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Amidst all the gestures and overtures, there was at least one mission mostly accomplished at the Summit of the Americas in Trinidad and Tobago over the weekend. Argentine newspapers reported on Sunday that President Cristina Fernandez de Kirchner might have managed to rustle up $1.5 billion in Inter-American Development Bank loans, which reportedly was one of her main goals at the convention.
But back to the big news the world over: every word, smile and handshake deployed by the illustrious Barack Obama, especially with regard to classic U.S. foes Cuba and Venezuela. Argentina was watching as closely as everyone else. But it's instructive to notice how differently different countries — both their governments and their publics — behave towards the communist or communist-leaning regimes in this hemisphere. As President Obama got some icy welcomes back home for looking too cozy with President Hugo Chávez of Venezuela, Kirchner was getting some southern hospitality from Chavez while she tried to make her own way back home. The presidential jet — Tango 01, they call it — had to make an emergency landing in Caracas because of a cracked windshield. Upon which, Chavez lent his Argentine counterpart one of his own country's planes to get her back to Buenos Aires (and her ailing mother who landed in the hospital over the weekend, almost causing Kirchner to leave the summit early.)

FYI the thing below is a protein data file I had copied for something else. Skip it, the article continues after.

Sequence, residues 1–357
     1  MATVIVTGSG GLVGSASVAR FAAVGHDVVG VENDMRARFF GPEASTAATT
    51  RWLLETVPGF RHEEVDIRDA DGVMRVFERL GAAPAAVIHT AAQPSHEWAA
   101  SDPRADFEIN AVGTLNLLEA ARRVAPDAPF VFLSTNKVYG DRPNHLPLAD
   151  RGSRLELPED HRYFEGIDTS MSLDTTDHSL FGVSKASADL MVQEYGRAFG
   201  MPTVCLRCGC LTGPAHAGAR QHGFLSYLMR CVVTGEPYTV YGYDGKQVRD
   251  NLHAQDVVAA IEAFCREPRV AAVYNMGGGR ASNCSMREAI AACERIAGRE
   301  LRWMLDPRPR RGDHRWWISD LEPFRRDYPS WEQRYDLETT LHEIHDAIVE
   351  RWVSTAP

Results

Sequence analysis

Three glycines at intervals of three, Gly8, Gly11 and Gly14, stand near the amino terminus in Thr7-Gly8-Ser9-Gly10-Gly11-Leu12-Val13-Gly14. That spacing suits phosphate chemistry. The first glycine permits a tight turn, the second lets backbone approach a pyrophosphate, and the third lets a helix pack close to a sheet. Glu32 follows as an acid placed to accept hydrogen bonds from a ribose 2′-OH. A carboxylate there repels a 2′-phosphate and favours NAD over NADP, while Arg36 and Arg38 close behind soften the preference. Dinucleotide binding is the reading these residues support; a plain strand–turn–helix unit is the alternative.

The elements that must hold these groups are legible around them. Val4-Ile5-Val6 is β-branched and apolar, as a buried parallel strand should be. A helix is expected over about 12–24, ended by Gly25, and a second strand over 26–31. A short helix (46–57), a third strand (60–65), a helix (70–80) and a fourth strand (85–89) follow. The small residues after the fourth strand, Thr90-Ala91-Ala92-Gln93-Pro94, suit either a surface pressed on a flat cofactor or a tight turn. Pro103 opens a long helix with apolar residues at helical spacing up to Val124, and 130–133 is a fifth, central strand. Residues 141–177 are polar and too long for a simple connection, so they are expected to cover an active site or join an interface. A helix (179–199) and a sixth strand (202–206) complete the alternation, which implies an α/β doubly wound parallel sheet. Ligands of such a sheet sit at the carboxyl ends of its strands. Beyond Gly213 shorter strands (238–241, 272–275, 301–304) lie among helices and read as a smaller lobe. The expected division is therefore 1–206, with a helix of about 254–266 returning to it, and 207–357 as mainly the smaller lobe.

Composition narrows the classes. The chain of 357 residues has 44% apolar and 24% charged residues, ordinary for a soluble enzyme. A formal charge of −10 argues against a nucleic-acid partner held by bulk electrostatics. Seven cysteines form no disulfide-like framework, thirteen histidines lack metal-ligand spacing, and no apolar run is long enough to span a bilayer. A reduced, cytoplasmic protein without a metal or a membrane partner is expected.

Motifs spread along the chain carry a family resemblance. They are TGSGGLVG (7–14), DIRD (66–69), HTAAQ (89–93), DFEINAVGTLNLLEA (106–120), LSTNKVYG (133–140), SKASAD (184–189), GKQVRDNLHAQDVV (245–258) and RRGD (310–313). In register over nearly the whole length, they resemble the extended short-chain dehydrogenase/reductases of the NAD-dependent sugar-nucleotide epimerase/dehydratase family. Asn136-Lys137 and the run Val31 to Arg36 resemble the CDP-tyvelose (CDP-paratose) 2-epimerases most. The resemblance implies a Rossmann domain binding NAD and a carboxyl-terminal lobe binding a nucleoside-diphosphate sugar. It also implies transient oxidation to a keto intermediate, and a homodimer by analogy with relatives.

But, unlike up north, no one in Argentina seems to be complaining about the good will between the two heads-of-state.
The lesson here is two-tiered. On the top layer, it's important to note the close relationships that Venezuela's government has with those of a number of other South American nations large and small (notably Argentina, Brazil, Bolivia, Chile, Uruguay and Nicaragua, to name a few). Any overtures to the most-maligned of them only adds to Obama's clout with many of the region's leaders — and conversely, an affront to one of them can be taken as an affront to them all.
Kirchner signaled as much when she requested of Obama (at his meeting with South American leaders on Saturday) that the United States not interfere in the "internal matters of Latin American countries."
The same solidarity goes down below, among the civil societies of South American countries, including Argentina. Many citizens here are critical of Chavez — but not as averse to him as they were to George W. Bush, and they generally don't see isolation as the best policy. In
the battle to re-win the hearts and minds of the peoples of South America, sanctimonious snubbing doesn't impress anyone down here.
Obama rode to Trinidad and Tobago on a chariot of conciliation and cooperation. And because of the ties and sympathies that criss-cross the region, he can't be too selective about who wins his affections without jeopardizing the whole project.